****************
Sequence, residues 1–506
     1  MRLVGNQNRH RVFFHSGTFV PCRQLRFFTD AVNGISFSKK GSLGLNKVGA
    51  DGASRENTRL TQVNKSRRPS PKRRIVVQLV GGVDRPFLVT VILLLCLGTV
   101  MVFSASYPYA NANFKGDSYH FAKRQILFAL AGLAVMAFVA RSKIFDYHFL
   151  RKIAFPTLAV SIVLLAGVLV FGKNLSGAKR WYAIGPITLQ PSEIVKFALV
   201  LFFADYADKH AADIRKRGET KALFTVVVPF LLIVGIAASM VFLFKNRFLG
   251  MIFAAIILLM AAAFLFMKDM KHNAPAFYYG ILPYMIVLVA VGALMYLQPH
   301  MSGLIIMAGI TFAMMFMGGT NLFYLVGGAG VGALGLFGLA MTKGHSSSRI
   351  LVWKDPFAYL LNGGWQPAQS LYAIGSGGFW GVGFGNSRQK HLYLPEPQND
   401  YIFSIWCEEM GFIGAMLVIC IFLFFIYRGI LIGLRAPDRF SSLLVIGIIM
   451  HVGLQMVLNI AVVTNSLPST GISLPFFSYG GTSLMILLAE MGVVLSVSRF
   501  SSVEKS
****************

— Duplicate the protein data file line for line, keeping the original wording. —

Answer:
Sequence, residues 1–506
     1  MRLVGNQNRH RVFFHSGTFV PCRQLRFFTD AVNGISFSKK GSLGLNKVGA
    51  DGASRENTRL TQVNKSRRPS PKRRIVVQLV GGVDRPFLVT VILLLCLGTV
   101  MVFSASYPYA NANFKGDSYH FAKRQILFAL AGLAVMAFVA RSKIFDYHFL
   151  RKIAFPTLAV SIVLLAGVLV FGKNLSGAKR WYAIGPITLQ PSEIVKFALV
   201  LFFADYADKH AADIRKRGET KALFTVVVPF LLIVGIAASM VFLFKNRFLG
   251  MIFAAIILLM AAAFLFMKDM KHNAPAFYYG ILPYMIVLVA VGALMYLQPH
   301  MSGLIIMAGI TFAMMFMGGT NLFYLVGGAG VGALGLFGLA MTKGHSSSRI
   351  LVWKDPFAYL LNGGWQPAQS LYAIGSGGFW GVGFGNSRQK HLYLPEPQND
   401  YIFSIWCEEM GFIGAMLVIC IFLFFIYRGI LIGLRAPDRF SSLLVIGIIM
   451  HVGLQMVLNI AVVTNSLPST GISLPFFSYG GTSLMILLAE MGVVLSVSRF
   501  SSVEKS